Israel’s popularity in Africa has grown, even among Muslim-majority nations. And these countries want its expertise in technology, agriculture, security, trade, water management and more.
By Israel Kasnett, JNS
With its fast-growing population and enormous resources, Africa is poised to dominate the global conversation in the 21st century. Yet this vast continent is not without its equally large environmental and demographic challenges as it continues to rapidly develop.
“Things are changing dramatically in Africa. And Africa is an increasingly important continent for the future stability of the world. Africa is the largest exporter of human refugees and has enormous, awesome resources. For that reason, there has been a new scramble for influence in Africa,” Dore Gold, president of the Jerusalem Center for Public Affairs, told JNS.
And Israel, with its world-renowned expertise in areas such as technology, agriculture, water management and security, is poised to lend assistance to these African nations as they seek to grow.
Prime Minister Benjamin Netanyahu’s recent trip to Chad, during which the two countries re-established diplomatic ties, highlighted the enormous strides Israel has made in Africa. The trip also broke a record for the Jewish state. This is the first time in Israel’s history that, out of the 193 or so recognized countries in the world, Israel now has diplomatic relations with 160 of them. That is a solid diplomatic achievement, and it is one that Israel will continue to improve upon.
“The world has changed,” Gold said. While he didn’t want to speculate on which countries would next institute diplomatic ties with Israel, but he did admit that change is in the air.
“The constraint on ties with Israel vanished,” Gold said. “The reason why Chad cut ties with Israel in 1972 had nothing to do with the Arab-Israeli conflict. The reason Chad cut ties with Israel is because Chad had Moammar Qaddafi breathing down its neck. But today, Qaddafi is gone, and Libya is almost gone. As a result, Chad felt complete freedom of maneuver that it didn’t have previously.”
The question for Israel is what African country will it seek to bridge diplomatic relations with next? Speculation points to Mali and Sudan, and perhaps Morocco.
‘You’re Either With the Deal or You’re Not’
Yonatan Freeman, of the political-science department at the Hebrew University of Jerusalem, told JNS regarding possible renewed ties between Israel and Mali, Liberia plays an important role since that is where Netanyahu met the leadership of Mali when he attended the ECOWAS summit in 2017.
Freeman noted that when Netanyahu was there, efforts were made to connect him with leaders of other countries Israel does not have formal ties with for the very purpose of laying the groundwork for similar developments.
Interestingly, during a state visit to Israel in 1983, Liberian President Samuel K. Doe said, “We in Liberia shall do our best in persuading some of our friends, African countries, to reconsider their decision and to resume relations with the State of Israel.”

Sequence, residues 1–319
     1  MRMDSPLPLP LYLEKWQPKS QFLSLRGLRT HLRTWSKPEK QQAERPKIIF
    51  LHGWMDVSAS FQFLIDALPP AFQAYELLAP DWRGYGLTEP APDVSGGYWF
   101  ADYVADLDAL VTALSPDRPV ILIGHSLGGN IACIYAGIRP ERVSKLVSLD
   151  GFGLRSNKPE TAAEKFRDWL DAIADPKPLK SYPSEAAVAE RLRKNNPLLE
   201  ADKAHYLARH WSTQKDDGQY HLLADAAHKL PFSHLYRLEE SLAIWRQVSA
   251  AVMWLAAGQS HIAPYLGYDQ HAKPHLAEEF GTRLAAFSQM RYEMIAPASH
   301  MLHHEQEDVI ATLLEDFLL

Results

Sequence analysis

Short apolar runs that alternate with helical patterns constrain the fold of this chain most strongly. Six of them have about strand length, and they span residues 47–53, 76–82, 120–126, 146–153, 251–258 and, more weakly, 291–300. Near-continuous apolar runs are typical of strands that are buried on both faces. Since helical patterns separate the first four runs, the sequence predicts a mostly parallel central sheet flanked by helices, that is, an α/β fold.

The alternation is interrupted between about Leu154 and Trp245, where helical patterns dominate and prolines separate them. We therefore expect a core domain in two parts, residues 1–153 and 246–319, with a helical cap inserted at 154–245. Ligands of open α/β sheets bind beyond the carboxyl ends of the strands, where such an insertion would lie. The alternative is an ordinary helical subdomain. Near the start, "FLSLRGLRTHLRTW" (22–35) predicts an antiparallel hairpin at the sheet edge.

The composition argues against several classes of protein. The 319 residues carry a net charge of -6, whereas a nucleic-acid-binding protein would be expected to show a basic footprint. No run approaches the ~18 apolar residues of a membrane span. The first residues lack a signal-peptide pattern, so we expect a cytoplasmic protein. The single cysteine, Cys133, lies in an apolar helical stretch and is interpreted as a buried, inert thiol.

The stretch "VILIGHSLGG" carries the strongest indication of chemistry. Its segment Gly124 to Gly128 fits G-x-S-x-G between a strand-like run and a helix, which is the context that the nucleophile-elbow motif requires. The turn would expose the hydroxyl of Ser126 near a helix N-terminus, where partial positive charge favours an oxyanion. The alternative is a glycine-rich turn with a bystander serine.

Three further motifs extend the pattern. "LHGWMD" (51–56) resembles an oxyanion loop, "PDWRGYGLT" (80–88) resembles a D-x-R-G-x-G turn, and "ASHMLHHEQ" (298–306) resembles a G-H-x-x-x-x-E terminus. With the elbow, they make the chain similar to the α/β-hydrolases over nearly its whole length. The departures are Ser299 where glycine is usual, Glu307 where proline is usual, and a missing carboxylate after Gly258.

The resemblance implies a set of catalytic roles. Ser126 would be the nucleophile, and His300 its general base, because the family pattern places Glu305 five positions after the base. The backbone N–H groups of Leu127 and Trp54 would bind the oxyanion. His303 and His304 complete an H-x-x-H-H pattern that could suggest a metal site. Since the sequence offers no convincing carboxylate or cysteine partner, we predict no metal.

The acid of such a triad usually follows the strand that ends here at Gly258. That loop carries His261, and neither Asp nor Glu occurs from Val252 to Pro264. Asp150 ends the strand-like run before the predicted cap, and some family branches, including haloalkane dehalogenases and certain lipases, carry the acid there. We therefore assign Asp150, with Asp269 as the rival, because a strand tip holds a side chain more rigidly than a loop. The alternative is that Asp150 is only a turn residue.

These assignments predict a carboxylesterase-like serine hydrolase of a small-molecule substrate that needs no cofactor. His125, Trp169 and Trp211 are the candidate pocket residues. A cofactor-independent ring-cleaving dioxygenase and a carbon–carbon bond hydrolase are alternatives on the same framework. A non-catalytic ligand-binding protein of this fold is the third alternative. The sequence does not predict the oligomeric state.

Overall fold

Notably, it was Liberia that cast the deciding vote at the United Nations in 1947, leading to Israel’s establishment.
“Generally speaking,” Freeman continued, “there are others in Africa, but even wider in the Muslim world” who are interested in establishing diplomatic bonds with Israel. “We are in talks with others. I saw some reports that this could include a country like Kuwait. There are also reports about Pakistan and Bangladesh.”
Freeman pointed out that these countries, in addition to Chad, are Muslim. Netanyahu will likely soon be visiting Morocco, and this will have great impact on Israel’s relationship with non-Arab Muslim countries.
Trump Deal Could Broaden Relationship
Freeman said this relationship could broaden the closer we get to the peace deal that U.S. President Donald Trump will be announcing since “part of the deal will include language about recognition of Israel by the Muslim world.”
He added that Muslim countries could create pressure on the Palestinians to accept the deal. “They could say, ‘You’re either with the deal, or you’re not with us.’ ”
The scholar emphasized two more issues. One, noted Freeman, is that “for the first time, Israel has diplomatic relations with 160 countries. No. 2 is that Netanyahu’s trip to Chad is something which really shows that the supposed pressure [President Idriss] Déby had from Palestinians and others didn’t work. This is something that really shows that Israel is somewhere else since the ’70s. We don’t have to beg anymore. Other countries are begging to know what our secret is.”
This change has manifested itself in the way Israel’s popularity in Africa has grown, even among Muslim-majority nations. These countries want Israel’s expertise in technology, agriculture, security, trade, water expertise and more. “There were issues with negotiations over land in the ’70s, but in the end, it took two years [for the Egypt-Israel treaty]—not just for Egypt to prepare, but for the Arab world to prepare. For months, they were pressuring Egypt [against making a deal with Israel]. Not everyone agreed with what Egypt was doing,” said Freeman.
“What happened here,” he observed, “is that yes there was pressure, but it was pressure the other way, with other countries saying, ‘Go ahead, Chad [renew diplomatic relations with Israel] because we are going to be doing it, too.’”